Steve Hagar

New York: Longtime High Times Editor Sues Magazine Over Ouster

There Is a Truth That Must Be Heard MANHATTAN – The former editor of High Times magazine claims in court that he was defrauded of his shares in the counter-culture monthly.

Represented by the Clancy Law Firm, Steven Hager brought his Jan. 9 suit in Manhattan Supreme Court some six months after Adam Levin’s Oreva Group bought a majority stake in the once family-owned magazine for $42 million.

Hager notes that he had been editor of High Times since 1998 but that his relationship with the magazine soured in 2013. As explained in a recent blog post, Hager at the time was nursing plans to enter the Sundance Film Festival.

Kansas: Debate over marijuana tries to clear the air

By Jesse Trimble

You couldn’t smell any marijuana in the crowd Monday night during the “Heads Versus Feds” SUA event, but there were plenty of tie-dyed, 1960s band shirts sprinkled through the crowd of 440 people.

Steve Hager, editor-in-chief of High Times magazine, and Robert Stutman, a retired special agent for the Drug Enforcement Agency of New York City, argued until they were both red in the face about the legalization of marijuana in front of an emotionally charged crowd, but they also inspired a few laughs.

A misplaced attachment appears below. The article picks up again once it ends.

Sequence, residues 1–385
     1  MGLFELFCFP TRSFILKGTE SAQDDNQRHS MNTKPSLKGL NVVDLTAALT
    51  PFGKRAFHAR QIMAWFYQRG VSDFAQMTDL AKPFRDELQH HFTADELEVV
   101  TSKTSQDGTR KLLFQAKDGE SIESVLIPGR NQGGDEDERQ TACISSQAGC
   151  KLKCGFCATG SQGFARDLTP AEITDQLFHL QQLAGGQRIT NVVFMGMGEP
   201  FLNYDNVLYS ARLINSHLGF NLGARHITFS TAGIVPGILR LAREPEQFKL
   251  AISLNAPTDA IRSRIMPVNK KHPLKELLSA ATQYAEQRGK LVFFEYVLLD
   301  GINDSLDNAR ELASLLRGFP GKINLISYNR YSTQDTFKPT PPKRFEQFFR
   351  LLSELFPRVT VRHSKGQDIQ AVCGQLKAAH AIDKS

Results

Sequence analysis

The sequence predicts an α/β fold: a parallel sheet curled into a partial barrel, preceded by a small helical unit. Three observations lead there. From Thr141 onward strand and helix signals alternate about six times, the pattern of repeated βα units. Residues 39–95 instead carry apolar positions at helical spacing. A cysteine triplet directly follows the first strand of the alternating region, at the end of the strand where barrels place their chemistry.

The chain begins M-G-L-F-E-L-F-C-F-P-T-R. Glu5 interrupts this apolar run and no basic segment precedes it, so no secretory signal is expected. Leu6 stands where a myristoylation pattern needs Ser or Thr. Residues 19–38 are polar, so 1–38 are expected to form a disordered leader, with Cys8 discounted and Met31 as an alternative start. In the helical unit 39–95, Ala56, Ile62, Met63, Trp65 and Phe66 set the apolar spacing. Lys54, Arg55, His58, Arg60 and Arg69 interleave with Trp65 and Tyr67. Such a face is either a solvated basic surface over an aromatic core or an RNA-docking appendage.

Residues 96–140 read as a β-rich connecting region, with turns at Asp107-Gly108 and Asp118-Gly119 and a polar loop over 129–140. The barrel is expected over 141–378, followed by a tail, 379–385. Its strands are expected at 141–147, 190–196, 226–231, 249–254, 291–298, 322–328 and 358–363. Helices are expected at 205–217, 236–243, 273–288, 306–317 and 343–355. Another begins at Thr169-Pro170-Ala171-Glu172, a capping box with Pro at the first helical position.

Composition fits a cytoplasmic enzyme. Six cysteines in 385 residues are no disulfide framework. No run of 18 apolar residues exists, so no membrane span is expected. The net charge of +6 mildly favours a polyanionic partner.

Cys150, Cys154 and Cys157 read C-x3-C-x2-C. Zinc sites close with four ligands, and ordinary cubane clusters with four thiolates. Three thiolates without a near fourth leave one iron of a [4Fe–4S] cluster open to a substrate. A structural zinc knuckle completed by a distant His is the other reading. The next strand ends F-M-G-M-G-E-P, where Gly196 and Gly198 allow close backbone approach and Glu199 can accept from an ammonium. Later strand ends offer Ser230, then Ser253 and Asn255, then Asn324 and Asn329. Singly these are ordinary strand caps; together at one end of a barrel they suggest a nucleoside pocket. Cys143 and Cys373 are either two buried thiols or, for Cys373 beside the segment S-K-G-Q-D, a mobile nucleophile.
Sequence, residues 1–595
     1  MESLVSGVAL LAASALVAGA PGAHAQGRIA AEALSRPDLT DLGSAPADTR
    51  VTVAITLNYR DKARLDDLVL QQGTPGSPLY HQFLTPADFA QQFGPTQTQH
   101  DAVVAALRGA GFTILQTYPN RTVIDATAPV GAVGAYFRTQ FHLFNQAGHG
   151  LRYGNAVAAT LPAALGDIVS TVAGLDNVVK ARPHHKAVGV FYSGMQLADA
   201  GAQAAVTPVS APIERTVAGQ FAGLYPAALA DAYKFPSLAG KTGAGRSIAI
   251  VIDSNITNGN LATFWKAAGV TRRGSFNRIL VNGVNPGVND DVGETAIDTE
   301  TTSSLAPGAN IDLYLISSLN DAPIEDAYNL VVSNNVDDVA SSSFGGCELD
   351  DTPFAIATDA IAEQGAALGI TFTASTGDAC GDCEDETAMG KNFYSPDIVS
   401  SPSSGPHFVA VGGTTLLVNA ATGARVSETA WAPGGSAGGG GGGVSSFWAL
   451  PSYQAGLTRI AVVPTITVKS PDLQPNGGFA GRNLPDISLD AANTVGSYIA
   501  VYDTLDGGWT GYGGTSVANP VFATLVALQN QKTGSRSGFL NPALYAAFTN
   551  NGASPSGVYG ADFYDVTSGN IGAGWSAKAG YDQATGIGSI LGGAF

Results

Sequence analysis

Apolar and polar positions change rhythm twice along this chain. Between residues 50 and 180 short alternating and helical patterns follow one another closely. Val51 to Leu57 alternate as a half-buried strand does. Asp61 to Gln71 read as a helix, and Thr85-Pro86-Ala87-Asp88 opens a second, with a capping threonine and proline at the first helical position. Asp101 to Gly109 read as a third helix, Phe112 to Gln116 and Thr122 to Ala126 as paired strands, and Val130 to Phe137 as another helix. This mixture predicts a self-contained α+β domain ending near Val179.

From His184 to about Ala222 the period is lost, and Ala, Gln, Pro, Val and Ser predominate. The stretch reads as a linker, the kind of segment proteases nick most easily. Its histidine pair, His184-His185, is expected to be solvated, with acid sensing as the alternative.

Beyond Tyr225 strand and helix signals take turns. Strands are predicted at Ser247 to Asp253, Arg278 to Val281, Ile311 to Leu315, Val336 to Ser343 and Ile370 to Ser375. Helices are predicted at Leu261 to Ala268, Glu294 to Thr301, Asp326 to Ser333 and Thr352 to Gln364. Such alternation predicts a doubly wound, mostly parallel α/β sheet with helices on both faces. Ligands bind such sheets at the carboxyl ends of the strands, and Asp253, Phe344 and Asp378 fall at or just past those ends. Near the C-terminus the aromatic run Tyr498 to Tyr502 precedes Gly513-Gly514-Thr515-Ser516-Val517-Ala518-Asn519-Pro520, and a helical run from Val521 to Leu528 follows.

Hager took to the stage first, and he listed five reasons why cannabis should be legalized:

- It is useful for medicinal purposes.

- Hemp is good for the environment.

- Criminalizing marijuana has led to crowded prisons, with 900,000 people arrested for possession each year.

Robert Stutman, retired agent for the United States Drug Enforcement Administration listens to the argument delivered by Steve Hager, editor-in-chief of High Times magazine about the legalization of marijuana. Nearly 450 people attended "Heads Versus Feds" on Monday night in the Kansas Union Ballroom.

- Keeping marijuana on the black market provides dealers and criminals a cut of the $500 billion-a-year industry.

- It’s part of his culture.

“That’s most important to me,” Hager, an Illinois native, said of his affinity for the counterculture of the 1960s. Hager said he first smoked marijuana at 15 and was one of the first in his high school to do so.

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